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Student Retention Fact Table

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Student Retention Fact Table Empty Student Retention Fact Table

Post  pitbull mix Mon Jan 07, 2013 1:44 pm

Hello dimensional modeling folks!

I have requirement to derive retention for students during a given term. The problem is I am not sure how model for this requirement? I am able to easily determine which students transfer out based upon a transfer out date that falls into a given start and end date. There is also a transfer in date that is provided. There is a field on the student record that states if they are active or inactive and also a status field to indicate if they have graduated.

I am at a loss to derive the total number of students that are enrolled for a given term? Do you look at who is active and add the new enrollments and take a snapshot of this information and store it into a snapshot fact table? Or would you look at enrollments as events and record them as such and then look at withdrawals similarly. I'm looking at the most straight forward easiest approach to get a count of all distinct students minus those who transfer out during an academic term. I'm also looking to do this using a dimension model.

Some of my ideas are to create a snapshot fact table at the beginning of an academic session. I'm not sure what to include on the table and then how to count the students who withdraw during this time period. I suppose it would be easy enough to include a field for the transfer out date in a view. The main issue is getting an appropriate count of students for the academic time period. I did a little research and it looks like a university was taking a snapshot before the start of the term. If this is done you could easily use this snapshot and the transfer out dates to get the right counts. The problem is this technique is not being done right now and they want an automated method to derive now.

Some issues that I face are students will come and go - meaning they have multiple transfer in dates. It's also possible to have more than one transfer out date. The trick would be to marry up the transfer in to the right transfer out date. Again, the easiest way seems to be to take a snapshot of those students enrolled at the beginning and then count any who transfer out to obtain retention.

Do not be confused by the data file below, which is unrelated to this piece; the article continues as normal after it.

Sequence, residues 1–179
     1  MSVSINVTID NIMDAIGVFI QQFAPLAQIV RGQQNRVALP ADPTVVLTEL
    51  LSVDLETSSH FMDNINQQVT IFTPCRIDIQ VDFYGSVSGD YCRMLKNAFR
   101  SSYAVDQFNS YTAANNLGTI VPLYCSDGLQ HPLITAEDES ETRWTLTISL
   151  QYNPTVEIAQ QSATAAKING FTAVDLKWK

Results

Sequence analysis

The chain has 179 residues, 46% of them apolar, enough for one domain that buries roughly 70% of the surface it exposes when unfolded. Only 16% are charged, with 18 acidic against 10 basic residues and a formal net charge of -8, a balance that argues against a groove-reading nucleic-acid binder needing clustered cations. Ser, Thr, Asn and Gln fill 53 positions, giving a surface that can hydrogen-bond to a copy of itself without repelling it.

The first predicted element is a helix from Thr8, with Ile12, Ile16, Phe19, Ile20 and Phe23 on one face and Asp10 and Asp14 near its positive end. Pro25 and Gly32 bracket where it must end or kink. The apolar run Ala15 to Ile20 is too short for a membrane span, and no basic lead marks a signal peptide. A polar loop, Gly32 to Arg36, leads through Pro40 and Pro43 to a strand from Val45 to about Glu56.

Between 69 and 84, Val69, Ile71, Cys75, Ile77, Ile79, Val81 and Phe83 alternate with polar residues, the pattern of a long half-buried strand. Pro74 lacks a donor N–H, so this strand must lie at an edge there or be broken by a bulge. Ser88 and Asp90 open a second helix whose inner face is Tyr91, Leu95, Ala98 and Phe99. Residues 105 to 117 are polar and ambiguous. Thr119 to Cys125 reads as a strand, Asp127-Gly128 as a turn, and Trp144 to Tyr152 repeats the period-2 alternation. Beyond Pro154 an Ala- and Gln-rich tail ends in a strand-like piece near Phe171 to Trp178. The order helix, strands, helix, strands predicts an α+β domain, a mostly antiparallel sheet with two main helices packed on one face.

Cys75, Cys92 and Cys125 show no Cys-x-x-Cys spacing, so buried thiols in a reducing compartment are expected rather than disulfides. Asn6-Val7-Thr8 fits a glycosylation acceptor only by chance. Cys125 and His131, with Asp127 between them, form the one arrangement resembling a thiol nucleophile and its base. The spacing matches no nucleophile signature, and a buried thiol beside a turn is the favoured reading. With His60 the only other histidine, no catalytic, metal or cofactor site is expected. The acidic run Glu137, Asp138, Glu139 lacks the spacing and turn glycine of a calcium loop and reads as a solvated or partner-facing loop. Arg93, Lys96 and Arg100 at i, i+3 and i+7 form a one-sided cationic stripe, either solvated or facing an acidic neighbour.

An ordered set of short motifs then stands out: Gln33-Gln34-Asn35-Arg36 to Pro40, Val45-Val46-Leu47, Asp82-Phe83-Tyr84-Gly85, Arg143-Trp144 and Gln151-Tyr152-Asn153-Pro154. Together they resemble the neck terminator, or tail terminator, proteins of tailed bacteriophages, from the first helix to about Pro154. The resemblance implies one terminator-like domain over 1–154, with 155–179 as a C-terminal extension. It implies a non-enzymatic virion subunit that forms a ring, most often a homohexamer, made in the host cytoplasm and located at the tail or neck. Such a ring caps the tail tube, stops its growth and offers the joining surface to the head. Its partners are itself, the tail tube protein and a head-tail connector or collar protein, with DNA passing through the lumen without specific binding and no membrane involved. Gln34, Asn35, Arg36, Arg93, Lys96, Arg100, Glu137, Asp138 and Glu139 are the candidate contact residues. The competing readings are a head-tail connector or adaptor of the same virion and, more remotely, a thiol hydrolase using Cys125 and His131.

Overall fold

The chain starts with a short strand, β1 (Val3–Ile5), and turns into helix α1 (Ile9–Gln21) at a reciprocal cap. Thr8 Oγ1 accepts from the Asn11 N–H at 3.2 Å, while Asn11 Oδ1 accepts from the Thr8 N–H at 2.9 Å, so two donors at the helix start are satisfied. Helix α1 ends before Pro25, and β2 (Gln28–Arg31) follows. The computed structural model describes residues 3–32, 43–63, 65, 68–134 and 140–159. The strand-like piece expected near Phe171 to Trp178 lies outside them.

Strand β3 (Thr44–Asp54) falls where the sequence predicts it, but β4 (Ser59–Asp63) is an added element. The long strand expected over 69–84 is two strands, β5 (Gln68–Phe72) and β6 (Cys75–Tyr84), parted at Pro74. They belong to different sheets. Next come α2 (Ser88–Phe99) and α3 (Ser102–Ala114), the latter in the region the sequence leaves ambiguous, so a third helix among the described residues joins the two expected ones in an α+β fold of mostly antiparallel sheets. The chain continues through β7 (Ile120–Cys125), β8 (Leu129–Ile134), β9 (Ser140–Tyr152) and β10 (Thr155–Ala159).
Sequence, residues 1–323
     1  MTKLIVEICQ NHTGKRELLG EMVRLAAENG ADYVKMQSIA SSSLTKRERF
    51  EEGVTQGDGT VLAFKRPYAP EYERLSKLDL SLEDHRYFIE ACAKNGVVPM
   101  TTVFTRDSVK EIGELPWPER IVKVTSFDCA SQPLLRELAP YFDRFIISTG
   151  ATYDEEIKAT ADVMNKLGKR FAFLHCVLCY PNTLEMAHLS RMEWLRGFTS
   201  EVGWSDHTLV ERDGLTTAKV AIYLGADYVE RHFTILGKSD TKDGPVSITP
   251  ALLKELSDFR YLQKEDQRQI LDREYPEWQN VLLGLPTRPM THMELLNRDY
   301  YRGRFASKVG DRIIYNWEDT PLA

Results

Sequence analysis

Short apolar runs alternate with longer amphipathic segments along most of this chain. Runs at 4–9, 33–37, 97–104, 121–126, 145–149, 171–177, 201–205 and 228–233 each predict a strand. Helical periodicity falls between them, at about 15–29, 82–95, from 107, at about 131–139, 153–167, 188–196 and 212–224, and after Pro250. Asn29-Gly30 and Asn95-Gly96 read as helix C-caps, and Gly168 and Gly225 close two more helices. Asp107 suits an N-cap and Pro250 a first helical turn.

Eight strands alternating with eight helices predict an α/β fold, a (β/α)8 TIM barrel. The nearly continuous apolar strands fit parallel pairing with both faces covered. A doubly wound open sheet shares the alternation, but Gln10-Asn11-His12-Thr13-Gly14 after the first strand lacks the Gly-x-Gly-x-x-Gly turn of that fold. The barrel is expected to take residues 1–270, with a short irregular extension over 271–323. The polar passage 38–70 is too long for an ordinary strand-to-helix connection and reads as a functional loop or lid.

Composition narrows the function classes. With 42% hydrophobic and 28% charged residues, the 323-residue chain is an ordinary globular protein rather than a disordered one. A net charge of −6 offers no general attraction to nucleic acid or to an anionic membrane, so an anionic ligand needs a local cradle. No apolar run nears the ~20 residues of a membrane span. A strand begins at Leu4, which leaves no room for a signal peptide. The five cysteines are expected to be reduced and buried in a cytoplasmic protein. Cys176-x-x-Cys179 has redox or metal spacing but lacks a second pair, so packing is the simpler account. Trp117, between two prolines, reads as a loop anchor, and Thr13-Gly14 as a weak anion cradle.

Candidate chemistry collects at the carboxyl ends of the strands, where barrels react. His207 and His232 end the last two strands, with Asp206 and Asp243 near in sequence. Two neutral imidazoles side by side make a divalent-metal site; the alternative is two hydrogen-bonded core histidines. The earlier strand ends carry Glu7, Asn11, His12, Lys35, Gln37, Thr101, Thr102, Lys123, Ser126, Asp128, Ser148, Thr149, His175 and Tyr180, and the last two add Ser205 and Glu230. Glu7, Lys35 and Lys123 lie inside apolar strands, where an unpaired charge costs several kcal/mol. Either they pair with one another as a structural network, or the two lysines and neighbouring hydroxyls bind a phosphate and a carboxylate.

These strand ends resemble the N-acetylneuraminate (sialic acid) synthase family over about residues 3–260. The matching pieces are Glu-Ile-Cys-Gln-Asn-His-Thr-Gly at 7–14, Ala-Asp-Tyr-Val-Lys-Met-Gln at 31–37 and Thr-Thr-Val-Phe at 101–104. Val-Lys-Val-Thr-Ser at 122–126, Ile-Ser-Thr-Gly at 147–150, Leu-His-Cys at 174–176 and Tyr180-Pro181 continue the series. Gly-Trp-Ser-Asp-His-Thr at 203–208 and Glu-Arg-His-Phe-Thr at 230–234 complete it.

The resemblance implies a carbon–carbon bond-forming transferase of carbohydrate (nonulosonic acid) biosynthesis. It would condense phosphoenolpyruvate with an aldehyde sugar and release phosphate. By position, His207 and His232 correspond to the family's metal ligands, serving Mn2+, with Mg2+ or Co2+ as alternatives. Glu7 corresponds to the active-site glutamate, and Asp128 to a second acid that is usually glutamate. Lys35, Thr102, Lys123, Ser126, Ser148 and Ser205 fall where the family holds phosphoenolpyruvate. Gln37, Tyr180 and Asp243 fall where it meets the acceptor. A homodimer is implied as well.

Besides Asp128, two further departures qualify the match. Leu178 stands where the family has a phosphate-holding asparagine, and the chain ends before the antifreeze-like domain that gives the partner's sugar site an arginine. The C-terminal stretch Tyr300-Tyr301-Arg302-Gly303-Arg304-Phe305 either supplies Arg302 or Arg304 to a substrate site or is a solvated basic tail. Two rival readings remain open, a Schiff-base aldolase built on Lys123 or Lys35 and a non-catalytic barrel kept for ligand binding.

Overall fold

Any ideas on how to model retention dimensionally would be much appreciated!

Here's a basic select statement that I am working on to load the fact table.

SELECT [StudentKey],
SourceSystem AS SourceKey,
Getdate() AS 'Snapshot Date' -- 02-11-2013
'02-11-2013' AS 'Term Start Date',
'04-05-2013' AS 'Term End Date',
'' AS 'Transfer Out Date'
WHERE inactive = 'Yes'
AND sourcesystem <> 1
ORDER BY sourcesystem

I want to be able to count the number of students that have a transfer out date so I would need update this fact table with transfer out dates that fell between the start and end of a term or use a view for the transfer out date.

Last edited by cdowney on Mon Jan 07, 2013 2:13 pm; edited 1 time in total (Reason for editing : To provide more detail on question asked.)

pitbull mix

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Join date : 2012-06-11

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Student Retention Fact Table Empty Re: Student Retention Fact Table

Post  Jeff Smith Mon Jan 07, 2013 3:36 pm

Here's the issue. Students can do multiple things during the year. The can enroll and transfer out. They can transfer in and then withdraw.

You need a table that picks up the "events". If a student enrolls and stays for the entire year, they are in the table twice. If the student enrolls, and then withdraws, they are in the table twice (the withdrawal would be a negative value). If the student transfers in, then are in once. If they transfer in and then withdraw, then they are in twice.

You could create this data on a monthly basis and then sum the changes for the year.

You could sum the changes for the month (new enrollment, transfer in, transfers out, withdrawl) and add them to the total enrollment for the previous month and get the new month's total.

Jeff Smith

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Join date : 2009-02-03

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Post  BoxesAndLines Mon Jan 07, 2013 3:45 pm

Kimball calls this a coverage fact table. That's how I would approach this problem.

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